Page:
The team also took part in a major multi-agency standby rescue operation involving a male protester at the top of a tower crane in Eccles, which resulted in multiple road & metrolink tram closures in the surrounding area.
One interesting rescue operation this year was the night-time evacuation of a very seriously ill woman occupant of a narrow boat on the Leeds and Liverpool canal,
As with previous years we also dealt with the usual number of rambling, hill walking, climbing and horse riding accidents.
In total, 113 numbered incidents were recorded by the team this year , with a total of 138 distinct incidents attended making it our third busiest ever year – this increase being due to the 26 incidents attended by the team on January 5th 2010 (as a result of the snow causing a Major Incident declared by NWAS Manchester). These 26 incidents were recorded as one, 12/2010.
During this large scale, wide area deployment on January 5th 2010, the team was constantly active from 04:37 in the morning through to 17:40 in the evening; a most memorable day for those involved, with the assistance of Bolton MRT and of course many other MRTs surrounding the Manchester area earning considerable praise from Derek Cartwright, NWAS Director of Emergency Operations and Bob Williams, NWAS Deputy Chief Executive.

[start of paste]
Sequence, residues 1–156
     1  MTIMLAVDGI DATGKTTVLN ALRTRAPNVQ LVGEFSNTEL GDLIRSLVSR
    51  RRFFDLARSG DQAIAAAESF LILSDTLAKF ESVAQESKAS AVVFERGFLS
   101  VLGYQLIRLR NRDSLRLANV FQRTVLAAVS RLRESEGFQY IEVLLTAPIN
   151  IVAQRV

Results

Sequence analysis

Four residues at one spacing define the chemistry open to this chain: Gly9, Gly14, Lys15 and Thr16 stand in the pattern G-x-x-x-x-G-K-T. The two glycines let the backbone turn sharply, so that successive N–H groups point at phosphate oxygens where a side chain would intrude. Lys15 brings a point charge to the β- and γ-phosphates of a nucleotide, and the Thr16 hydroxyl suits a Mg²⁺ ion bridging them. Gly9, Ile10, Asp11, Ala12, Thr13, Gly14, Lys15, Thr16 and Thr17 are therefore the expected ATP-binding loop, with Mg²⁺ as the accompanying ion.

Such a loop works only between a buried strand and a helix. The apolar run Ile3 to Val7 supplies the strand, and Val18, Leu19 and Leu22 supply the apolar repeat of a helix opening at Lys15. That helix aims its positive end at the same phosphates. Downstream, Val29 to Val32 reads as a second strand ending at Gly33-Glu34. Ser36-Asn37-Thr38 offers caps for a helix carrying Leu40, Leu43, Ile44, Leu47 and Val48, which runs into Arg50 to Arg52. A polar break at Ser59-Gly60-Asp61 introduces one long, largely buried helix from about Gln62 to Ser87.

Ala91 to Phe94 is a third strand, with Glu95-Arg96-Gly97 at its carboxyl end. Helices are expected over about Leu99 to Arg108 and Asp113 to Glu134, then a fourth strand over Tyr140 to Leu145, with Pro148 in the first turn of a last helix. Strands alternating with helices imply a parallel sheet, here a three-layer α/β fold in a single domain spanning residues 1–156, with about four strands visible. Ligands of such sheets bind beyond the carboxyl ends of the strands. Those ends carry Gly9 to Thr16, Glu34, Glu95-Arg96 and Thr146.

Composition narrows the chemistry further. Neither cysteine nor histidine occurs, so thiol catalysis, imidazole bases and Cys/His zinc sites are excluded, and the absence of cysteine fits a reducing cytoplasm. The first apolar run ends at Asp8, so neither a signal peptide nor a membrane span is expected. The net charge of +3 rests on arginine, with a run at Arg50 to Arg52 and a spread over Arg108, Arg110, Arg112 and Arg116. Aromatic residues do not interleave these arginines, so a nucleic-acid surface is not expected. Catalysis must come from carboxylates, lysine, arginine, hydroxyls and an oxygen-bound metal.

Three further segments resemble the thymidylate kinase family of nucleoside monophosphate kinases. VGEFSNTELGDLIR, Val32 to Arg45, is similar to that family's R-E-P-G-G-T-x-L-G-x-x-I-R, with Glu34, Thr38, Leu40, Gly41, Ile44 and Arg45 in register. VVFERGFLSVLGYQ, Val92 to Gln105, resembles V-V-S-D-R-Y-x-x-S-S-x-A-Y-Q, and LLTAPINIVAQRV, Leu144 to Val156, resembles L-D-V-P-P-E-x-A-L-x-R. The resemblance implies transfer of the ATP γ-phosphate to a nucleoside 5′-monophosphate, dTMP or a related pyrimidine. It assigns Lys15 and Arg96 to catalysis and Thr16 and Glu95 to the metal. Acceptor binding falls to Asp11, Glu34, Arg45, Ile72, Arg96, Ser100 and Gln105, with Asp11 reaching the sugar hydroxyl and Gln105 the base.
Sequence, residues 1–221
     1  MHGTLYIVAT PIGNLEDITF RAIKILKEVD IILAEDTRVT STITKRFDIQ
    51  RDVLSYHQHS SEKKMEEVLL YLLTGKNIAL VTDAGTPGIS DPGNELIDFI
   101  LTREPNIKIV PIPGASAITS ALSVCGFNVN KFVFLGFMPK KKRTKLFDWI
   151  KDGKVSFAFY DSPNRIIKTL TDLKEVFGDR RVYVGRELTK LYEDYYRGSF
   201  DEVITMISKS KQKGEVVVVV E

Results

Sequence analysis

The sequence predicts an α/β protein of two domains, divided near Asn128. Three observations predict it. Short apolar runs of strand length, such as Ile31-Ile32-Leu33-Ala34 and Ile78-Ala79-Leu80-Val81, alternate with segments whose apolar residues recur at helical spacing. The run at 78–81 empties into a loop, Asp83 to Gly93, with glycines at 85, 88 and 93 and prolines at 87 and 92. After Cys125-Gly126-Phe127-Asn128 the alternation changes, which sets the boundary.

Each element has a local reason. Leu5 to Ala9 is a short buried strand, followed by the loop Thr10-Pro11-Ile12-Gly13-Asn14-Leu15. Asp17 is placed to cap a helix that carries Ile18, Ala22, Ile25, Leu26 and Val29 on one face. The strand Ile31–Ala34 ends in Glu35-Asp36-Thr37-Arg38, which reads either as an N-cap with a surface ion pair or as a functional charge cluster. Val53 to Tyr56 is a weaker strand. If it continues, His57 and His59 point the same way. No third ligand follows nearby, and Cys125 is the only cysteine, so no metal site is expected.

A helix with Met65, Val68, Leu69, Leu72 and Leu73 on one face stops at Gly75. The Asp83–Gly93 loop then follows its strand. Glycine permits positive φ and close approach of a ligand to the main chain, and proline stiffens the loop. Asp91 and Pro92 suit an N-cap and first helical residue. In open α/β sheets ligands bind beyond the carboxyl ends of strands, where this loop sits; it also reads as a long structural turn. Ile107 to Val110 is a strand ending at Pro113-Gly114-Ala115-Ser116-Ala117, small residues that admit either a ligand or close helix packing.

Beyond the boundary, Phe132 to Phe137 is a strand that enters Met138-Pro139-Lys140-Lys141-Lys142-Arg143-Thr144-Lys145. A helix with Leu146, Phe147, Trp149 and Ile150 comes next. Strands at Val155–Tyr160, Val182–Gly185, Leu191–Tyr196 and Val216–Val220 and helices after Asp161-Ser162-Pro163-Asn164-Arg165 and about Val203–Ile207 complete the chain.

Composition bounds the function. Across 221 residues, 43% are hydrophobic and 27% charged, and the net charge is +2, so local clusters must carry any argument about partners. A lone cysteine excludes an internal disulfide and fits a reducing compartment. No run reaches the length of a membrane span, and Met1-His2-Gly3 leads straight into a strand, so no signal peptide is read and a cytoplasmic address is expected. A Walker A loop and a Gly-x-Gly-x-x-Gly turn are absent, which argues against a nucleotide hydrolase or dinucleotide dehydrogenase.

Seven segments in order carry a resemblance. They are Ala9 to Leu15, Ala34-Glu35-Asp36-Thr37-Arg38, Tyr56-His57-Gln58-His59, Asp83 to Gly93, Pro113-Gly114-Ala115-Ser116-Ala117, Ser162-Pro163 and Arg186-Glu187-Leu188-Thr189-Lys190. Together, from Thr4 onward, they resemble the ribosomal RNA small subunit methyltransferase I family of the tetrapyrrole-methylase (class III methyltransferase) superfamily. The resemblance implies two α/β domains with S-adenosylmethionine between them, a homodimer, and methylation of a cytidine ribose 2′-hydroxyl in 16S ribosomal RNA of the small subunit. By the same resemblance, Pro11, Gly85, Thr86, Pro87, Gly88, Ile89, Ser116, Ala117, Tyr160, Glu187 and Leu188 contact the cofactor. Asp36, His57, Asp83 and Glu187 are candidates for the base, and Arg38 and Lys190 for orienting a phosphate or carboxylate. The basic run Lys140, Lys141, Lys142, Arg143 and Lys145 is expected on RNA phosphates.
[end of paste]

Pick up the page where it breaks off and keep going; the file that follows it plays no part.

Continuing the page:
The team assisted NWAS further during the first half of January, with another 25 incidents attended directly due to the snowfall (as well as one standby for Yorkshire Ambulance Service, with vehicles holding at the M62 J.23, outside Halifax)
After a busy start to the year, February and March brought a much needed respite!
13 searches were attended through the year at the request of Greater Manchester Police and Lancashire Constabulary, and we were called out but stood down on another 8 searches. The largest search of the year came on Sunday 9th May, with 30 team members turning out to Queen’s Park, Bolton, to search for an elderly male who had gone missing from a local care home. Fortunately the man was found unharmed, albeit a considerable distance away from our search areas (in Astley Bridge), in the early hours of the morning.